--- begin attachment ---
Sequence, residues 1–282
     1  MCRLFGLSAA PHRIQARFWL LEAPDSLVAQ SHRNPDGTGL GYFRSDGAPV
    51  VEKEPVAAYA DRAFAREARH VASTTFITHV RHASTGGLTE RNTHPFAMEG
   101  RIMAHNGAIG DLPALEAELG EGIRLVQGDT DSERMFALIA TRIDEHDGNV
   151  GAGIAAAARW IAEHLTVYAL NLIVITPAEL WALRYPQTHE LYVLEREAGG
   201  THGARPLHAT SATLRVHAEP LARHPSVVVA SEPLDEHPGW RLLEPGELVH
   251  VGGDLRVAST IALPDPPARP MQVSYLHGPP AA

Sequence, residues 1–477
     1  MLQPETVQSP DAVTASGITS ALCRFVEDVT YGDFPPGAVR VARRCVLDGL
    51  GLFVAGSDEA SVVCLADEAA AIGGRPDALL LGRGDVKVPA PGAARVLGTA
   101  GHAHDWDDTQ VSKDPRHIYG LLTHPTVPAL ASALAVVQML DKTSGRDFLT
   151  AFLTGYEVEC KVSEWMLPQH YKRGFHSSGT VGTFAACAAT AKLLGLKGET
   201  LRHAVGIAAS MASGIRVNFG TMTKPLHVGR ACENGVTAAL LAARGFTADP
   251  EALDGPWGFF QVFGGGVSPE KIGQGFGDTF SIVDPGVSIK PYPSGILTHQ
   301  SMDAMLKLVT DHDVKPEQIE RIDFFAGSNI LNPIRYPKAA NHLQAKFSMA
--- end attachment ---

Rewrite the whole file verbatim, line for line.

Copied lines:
Sequence, residues 1–282
     1  MCRLFGLSAA PHRIQARFWL LEAPDSLVAQ SHRNPDGTGL GYFRSDGAPV
    51  VEKEPVAAYA DRAFAREARH VASTTFITHV RHASTGGLTE RNTHPFAMEG
   101  RIMAHNGAIG DLPALEAELG EGIRLVQGDT DSERMFALIA TRIDEHDGNV
   151  GAGIAAAARW IAEHLTVYAL NLIVITPAEL WALRYPQTHE LYVLEREAGG
   201  THGARPLHAT SATLRVHAEP LARHPSVVVA SEPLDEHPGW RLLEPGELVH
   251  VGGDLRVAST IALPDPPARP MQVSYLHGPP AA

Sequence, residues 1–477
     1  MLQPETVQSP DAVTASGITS ALCRFVEDVT YGDFPPGAVR VARRCVLDGL
    51  GLFVAGSDEA SVVCLADEAA AIGGRPDALL LGRGDVKVPA PGAARVLGTA
   101  GHAHDWDDTQ VSKDPRHIYG LLTHPTVPAL ASALAVVQML DKTSGRDFLT
   151  AFLTGYEVEC KVSEWMLPQH YKRGFHSSGT VGTFAACAAT AKLLGLKGET
   201  LRHAVGIAAS MASGIRVNFG TMTKPLHVGR ACENGVTAAL LAARGFTADP
   251  EALDGPWGFF QVFGGGVSPE KIGQGFGDTF SIVDPGVSIK PYPSGILTHQ
   301  SMDAMLKLVT DHDVKPEQIE RIDFFAGSNI LNPIRYPKAA NHLQAKFSMA